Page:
Today, everything is "full doc" so in order to issue a valid Pre-Approval, all that supporting documentation has to be reviewed & verified.... else the Pre-Approval (and its source) would be invalid & irrelevant.

Dave Donhoff
Leverage Planner

    Bookmark   September 2, 2009 at 5:31PM
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Thanks for confirming the the docs are necessary. I'll have fun copying them all!

    Bookmark   September 2, 2009 at 6:01PM
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"Also same mortgage agent tells me that on investment property I must put 20% down and can only ask the seller for 2% back at close. I'm okay with this but surprised there are no other options, like asking the seller for more back at closing."

For 30 years I have always put at least 20% down on investment properties, and sometimes more.

The first thing I have always used to start determining how much I need to put down is what is needed to have at least a neutral cash flow (before depreciation, etc.) based on rents. Putting more capital into an investment every month is not a good long term strategy.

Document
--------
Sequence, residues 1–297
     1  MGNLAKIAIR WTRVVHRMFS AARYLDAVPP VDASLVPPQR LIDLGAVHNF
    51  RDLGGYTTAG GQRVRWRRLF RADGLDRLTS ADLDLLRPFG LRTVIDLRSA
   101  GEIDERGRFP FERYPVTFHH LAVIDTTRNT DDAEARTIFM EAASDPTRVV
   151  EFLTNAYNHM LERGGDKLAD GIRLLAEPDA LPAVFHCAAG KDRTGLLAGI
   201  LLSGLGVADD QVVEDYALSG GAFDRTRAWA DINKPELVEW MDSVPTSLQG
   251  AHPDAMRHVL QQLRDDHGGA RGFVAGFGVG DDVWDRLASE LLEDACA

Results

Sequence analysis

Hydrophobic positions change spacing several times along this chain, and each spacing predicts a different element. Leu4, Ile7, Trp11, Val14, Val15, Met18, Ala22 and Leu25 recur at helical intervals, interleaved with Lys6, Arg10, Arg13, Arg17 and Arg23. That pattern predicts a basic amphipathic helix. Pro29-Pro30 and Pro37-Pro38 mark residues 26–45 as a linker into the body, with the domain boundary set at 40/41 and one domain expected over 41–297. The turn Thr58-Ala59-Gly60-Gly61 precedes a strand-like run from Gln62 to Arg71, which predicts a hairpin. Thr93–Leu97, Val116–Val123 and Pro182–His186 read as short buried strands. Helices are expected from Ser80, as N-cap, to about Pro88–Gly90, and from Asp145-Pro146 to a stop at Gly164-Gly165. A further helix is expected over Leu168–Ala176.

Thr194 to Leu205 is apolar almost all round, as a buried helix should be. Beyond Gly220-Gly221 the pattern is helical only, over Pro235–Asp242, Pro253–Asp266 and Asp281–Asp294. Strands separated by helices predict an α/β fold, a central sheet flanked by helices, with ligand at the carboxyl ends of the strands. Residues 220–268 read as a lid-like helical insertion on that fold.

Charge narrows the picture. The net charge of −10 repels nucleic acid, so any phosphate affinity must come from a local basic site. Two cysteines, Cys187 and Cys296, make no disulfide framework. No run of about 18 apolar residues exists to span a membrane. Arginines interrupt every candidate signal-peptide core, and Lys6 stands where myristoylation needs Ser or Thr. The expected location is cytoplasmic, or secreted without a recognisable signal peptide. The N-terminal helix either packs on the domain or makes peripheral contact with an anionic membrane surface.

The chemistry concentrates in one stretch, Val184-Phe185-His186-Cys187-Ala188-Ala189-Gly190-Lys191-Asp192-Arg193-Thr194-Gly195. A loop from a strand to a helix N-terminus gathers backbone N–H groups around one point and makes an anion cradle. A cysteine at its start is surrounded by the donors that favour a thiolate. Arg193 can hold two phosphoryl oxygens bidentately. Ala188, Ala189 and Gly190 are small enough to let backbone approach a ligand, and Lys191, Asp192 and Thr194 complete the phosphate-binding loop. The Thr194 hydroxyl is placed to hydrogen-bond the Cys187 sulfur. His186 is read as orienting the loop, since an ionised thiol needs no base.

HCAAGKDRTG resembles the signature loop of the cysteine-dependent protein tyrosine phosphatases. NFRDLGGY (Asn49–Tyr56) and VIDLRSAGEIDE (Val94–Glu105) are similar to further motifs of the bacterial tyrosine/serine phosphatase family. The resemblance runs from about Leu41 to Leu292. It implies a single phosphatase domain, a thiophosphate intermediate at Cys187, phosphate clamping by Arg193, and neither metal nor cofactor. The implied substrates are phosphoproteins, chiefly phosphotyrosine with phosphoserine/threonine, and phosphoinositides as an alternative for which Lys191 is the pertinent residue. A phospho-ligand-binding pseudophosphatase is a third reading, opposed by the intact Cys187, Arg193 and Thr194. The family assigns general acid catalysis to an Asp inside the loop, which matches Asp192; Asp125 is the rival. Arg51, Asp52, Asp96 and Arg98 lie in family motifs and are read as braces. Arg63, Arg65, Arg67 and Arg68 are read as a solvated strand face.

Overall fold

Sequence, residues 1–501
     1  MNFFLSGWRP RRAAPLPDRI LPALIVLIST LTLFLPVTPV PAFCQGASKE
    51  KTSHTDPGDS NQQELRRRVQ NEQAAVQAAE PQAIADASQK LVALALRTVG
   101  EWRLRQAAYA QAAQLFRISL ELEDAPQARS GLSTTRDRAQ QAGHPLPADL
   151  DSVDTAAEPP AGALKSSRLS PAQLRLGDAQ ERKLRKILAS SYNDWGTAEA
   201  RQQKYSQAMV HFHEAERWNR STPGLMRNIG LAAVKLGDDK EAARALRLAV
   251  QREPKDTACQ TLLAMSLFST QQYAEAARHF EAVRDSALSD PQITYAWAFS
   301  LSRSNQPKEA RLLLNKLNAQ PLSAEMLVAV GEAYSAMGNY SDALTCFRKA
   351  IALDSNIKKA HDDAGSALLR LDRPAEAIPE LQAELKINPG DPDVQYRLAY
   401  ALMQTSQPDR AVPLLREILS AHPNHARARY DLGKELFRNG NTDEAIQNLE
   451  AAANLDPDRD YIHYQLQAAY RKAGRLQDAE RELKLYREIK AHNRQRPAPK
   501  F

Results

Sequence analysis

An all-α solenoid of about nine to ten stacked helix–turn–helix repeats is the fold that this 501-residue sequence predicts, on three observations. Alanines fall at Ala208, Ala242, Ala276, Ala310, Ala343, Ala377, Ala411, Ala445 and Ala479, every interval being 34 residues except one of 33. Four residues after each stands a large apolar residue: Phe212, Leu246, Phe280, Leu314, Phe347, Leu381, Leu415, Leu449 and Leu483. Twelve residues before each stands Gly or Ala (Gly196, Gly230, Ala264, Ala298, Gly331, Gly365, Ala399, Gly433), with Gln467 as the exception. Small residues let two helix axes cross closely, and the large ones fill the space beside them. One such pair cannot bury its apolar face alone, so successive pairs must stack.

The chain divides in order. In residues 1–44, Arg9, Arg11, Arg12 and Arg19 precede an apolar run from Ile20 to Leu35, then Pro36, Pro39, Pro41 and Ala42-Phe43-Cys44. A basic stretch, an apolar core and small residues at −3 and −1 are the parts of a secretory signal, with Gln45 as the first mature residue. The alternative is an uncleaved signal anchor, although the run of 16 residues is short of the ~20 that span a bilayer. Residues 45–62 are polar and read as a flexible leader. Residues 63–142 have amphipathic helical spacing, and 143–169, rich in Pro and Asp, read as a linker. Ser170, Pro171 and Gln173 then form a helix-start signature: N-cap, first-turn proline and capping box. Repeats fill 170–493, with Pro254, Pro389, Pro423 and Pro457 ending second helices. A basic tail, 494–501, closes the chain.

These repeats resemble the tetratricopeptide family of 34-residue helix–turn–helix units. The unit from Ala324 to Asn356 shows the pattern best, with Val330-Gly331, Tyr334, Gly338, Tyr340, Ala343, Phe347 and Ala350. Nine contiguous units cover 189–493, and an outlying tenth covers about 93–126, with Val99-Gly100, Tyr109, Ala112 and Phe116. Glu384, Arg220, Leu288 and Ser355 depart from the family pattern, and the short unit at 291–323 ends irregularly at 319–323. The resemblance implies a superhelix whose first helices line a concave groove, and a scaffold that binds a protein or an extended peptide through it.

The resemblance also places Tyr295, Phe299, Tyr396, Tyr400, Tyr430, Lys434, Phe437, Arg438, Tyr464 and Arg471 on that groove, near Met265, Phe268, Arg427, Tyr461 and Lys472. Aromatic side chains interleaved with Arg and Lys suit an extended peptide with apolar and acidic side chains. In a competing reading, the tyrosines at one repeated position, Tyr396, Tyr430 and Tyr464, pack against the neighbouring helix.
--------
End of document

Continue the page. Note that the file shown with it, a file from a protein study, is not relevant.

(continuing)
You are effectively de-leveraging the investment and reducing the rate of return badly (as in negative).

While I have bought many properties that I needed to put additional money into for renovation and repairs, that is factored into the purchase price I will offer.

    Bookmark   September 3, 2009 at 10:38AM
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frankly--I think you should be able to ask for anything you want and might get from the seller--
the reason the mortgage agent says you can only ask for 2% back is that is the ratio they think a financially viable buyer would "need" to close the deal...

    Bookmark   September 4, 2009 at 11:33PM
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There is "back in the day," and REALLY back in the day. We older people will tell you that 20% down was the norm for all housing for many years. There were special programs for putting 10% or 5% down, but you and the house had to qualify, if I remember right. Then you also had to prove that the down-payment money was not borrowed from relatives, but was actually yours. I think we had to get "gift letters" if relatives were helping with down-payments, and only so much of the down-payment could be a "gift." We bought our first house in 1985. Housing prices in our area were rising faster than we could save. My then-DH always blamed the rising prices on families who had money to give their kids for buying a house, and on two-earner families. We were in neither category. We barely got into the real estate market.

People who were used to this kind of big-brother regulation that kept you from getting in over your head (there was also a limit on how much of your income could go to housing costs, and I think it was 28%) were confused when all of a sudden people could buy houses with nothing down and not enough income to make the payments.